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‘Poetic Voices’ marks celebration of black history

Stephan Starnes

Anna Marie Sprowl delivers one of her many poems to CRC students and staff at the Poetic Voices event on Feb 13.

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Students and staff trickled into the Recital Hall at Cosumnes River College to observe Black History Month through Poetic Voices, a poetry reading event held on Feb. 13 featuring three prominent and published writers whose roots are right here in Sacramento.

Emmanuel Sigauke, an English professor at CRC, organized the event for students, faculty and community members as an opportunity to celebrate African-American culture in a creative and expressive way.

“This is an honor for our Black History Month,” Sigauke said as he introduced Laura Cook, Anna Marie Sprowl and Sean King as the guest artists at this event. “Bringing them to CRC is a dream come true.”

In Sacramento, poetry events are held almost every night of the week and Sigauke wanted “to bring interesting, poetic voices to campus.”

As a preface to the guest speakers, Sigauke invited audience members to come up and share some of their own poetic work in a “mini-open mic” setting.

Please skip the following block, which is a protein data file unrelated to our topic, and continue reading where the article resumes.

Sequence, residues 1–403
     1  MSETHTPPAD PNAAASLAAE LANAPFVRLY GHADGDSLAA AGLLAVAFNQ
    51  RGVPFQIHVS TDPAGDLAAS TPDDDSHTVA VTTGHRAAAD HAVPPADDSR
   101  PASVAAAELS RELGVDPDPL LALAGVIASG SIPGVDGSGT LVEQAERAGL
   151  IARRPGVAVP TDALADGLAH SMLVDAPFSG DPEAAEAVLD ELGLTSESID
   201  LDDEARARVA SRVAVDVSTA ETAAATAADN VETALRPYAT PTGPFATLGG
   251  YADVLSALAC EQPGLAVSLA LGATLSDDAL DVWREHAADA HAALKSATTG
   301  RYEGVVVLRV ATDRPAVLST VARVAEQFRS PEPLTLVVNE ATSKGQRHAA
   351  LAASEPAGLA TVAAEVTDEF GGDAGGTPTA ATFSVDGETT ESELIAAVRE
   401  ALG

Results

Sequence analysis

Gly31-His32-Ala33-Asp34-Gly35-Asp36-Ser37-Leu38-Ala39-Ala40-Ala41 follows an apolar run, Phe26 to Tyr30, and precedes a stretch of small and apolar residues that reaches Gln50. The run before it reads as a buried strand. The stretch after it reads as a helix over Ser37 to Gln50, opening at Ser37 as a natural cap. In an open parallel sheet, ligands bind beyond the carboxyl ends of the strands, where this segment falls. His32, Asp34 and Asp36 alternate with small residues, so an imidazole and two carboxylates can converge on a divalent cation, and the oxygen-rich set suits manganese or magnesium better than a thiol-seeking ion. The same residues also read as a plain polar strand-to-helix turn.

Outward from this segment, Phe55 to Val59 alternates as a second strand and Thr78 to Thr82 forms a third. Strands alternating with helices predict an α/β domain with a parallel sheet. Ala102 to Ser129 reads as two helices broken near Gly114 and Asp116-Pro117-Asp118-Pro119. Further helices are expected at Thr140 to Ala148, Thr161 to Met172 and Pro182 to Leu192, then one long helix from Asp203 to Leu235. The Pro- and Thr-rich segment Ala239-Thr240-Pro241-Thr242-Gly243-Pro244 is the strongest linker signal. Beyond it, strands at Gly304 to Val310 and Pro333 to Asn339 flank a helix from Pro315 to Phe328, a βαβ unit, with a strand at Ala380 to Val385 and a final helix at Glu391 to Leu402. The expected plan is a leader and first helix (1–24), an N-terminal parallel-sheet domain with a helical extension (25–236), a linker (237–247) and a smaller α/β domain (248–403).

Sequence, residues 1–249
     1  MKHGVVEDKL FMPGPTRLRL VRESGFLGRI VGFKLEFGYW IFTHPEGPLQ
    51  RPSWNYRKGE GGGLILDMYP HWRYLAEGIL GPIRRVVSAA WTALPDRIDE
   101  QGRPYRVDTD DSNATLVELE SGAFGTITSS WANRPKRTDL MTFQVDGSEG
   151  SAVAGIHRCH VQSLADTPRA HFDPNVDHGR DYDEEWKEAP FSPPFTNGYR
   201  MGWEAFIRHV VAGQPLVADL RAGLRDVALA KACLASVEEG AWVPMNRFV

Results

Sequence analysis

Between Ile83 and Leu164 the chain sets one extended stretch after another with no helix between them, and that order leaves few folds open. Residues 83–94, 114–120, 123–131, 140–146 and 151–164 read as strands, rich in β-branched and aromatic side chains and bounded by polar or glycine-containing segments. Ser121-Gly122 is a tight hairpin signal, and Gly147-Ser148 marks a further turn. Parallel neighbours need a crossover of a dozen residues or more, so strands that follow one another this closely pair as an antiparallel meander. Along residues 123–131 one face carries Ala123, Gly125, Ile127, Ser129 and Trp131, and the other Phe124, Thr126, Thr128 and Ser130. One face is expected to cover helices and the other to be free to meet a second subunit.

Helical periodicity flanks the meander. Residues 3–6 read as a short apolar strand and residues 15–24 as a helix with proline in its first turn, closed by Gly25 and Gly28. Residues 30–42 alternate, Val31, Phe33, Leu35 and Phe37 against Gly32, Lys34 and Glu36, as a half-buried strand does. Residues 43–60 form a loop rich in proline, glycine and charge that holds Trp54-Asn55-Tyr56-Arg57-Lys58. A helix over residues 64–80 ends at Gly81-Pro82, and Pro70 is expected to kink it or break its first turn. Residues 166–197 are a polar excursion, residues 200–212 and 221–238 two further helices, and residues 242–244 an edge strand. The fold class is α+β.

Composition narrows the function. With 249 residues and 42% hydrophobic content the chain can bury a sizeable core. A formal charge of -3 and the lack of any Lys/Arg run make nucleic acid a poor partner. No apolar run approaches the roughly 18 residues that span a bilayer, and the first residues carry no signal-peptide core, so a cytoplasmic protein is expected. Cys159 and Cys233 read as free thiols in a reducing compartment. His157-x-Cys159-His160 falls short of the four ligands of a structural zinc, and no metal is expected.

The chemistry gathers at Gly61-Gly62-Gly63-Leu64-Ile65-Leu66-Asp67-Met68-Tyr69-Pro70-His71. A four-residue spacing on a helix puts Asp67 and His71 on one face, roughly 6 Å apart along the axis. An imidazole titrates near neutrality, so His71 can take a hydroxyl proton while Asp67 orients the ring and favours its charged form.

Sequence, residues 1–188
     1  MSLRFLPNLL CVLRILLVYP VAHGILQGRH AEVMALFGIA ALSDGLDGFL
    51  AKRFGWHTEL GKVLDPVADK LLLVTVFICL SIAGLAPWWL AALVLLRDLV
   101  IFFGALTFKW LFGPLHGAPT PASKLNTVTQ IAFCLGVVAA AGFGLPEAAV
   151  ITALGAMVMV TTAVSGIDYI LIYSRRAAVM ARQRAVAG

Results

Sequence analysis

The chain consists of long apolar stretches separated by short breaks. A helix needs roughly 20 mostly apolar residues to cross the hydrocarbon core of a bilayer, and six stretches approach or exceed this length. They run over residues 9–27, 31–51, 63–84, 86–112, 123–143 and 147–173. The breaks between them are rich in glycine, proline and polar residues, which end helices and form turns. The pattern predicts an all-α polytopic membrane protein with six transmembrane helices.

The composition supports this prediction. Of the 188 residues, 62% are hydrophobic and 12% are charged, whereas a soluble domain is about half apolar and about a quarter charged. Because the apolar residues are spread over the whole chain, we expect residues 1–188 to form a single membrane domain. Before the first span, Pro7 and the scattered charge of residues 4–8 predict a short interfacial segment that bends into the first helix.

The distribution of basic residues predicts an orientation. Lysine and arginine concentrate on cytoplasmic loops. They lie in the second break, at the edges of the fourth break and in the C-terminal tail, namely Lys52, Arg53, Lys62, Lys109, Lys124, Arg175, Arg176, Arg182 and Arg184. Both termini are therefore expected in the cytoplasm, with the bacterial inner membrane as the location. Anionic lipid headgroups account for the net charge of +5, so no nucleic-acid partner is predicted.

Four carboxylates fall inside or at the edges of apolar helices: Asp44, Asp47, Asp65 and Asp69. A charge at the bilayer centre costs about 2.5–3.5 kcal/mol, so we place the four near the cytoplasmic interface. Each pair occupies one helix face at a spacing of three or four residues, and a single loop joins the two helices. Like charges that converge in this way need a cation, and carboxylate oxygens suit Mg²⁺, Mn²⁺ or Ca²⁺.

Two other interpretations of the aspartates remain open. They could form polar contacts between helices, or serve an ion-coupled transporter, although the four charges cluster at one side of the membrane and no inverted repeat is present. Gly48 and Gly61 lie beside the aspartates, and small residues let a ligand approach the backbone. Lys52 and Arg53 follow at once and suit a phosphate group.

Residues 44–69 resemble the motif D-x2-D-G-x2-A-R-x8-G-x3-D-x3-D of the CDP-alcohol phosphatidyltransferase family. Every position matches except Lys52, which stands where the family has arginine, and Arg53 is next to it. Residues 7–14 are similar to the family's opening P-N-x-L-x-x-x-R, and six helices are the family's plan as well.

“I always want to involve the CRC students,” Sigauke said as he spoke to the crowd of more than 40 students and staff members, including CRC President Deborah Travis.

Alexander Stallings, a 19-year-old theater and radio broadcast major, was one of the students who shared his work at the beginning of the event.

“It gives more of an understanding of how important this is in African-American culture,” Stallings said. “It gives me inspiration.”

After students read their poetry, each guest spent about 15 minutes sharing their own work with the audience and left many members wanting more but still feeling inspired.

Each poet spoke of individual emotions, feelings and experiences.

King’s ending line in his poem about Martin Luther King Jr. was that “you cannot assassinate a spirit, you can only kill a man.” Cook advised to not “wander too long in other people’s darkness.”

Along with the historical and cultural insights, Poetic Voices also embodied emotional elements.

“Poetry is a passion,” said Alexis Senegal, a 26-year-old psychology major. “It has the ability to reach and connect and get attention, and that’s incredible.”

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‘Poetic Voices’ marks celebration of black history